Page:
The most commonly used medications to treat neuropathic pain are antidepressants and antiepileptic medicines (AEDs that are typically used to treat nerve cells activity that triggers seizures). The drugs alter the nerve’s activity in a manner which can reduce pain. The medications should generally be administered several times a each day to ease pain.
With time, the severity of nerve pain may change and you may need to take higher doses of medication or not require treatment for pain.
The standard pain medication is generally not effective in controlling neuropathy-related pain.
In general, when it comes to Guillain Barre, treatment that is supportive including respiratory support and mechanical ventilation is required in conjunction with anti-inflammatory treatments to treat the issue.
Neuropathy is the result of a malfunction or damage of the nerve. It can affect any nerve within the body. The nature of the nerves and the pattern of involvement are determined by the underlying cause. Peripheral neuropathy, which is a typical form, is often due to diabetes, alcohol excessive use, or chemotherapy. There are many possible causes.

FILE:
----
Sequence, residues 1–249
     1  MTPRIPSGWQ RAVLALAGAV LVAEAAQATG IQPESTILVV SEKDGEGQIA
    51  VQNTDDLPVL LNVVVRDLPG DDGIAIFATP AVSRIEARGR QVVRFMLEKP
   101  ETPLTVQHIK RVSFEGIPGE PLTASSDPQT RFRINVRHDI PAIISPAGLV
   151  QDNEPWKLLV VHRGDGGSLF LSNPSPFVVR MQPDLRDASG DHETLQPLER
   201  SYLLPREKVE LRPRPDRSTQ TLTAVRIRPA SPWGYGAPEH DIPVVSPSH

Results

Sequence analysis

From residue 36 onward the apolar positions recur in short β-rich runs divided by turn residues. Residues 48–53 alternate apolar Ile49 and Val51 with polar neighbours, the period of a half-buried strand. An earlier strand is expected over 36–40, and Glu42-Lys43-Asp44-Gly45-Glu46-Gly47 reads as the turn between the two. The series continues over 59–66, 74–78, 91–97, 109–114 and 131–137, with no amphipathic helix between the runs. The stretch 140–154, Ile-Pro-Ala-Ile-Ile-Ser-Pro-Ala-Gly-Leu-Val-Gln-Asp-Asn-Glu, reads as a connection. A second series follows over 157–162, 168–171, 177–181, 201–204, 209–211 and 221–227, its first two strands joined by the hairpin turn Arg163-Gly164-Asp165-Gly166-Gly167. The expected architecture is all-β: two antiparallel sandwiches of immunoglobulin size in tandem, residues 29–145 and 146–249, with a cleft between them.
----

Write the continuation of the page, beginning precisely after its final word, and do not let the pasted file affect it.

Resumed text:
Autonomic neuropathy and proximal nervepathy can affect more nerves and cause severe symptoms. Inflammatory diseases are the most frequent cause. Focal neuropathy is typically due to nerve compression. Treatment for neuropathy is crucial to avoid the development of permanent and serious damage to the nerve.
A Word From Healthsdigest
If you’ve been diagnosed with neuropathy, it could be a cause for concern. It is crucial to seek the appropriate treatment for your specific condition. It could take weeks or more before you begin to notice the results the treatment has had, however don’t be discouraged. Certain neuropathies are able to completely disappear while those that can’t be reversed are often controlled to stop the progression.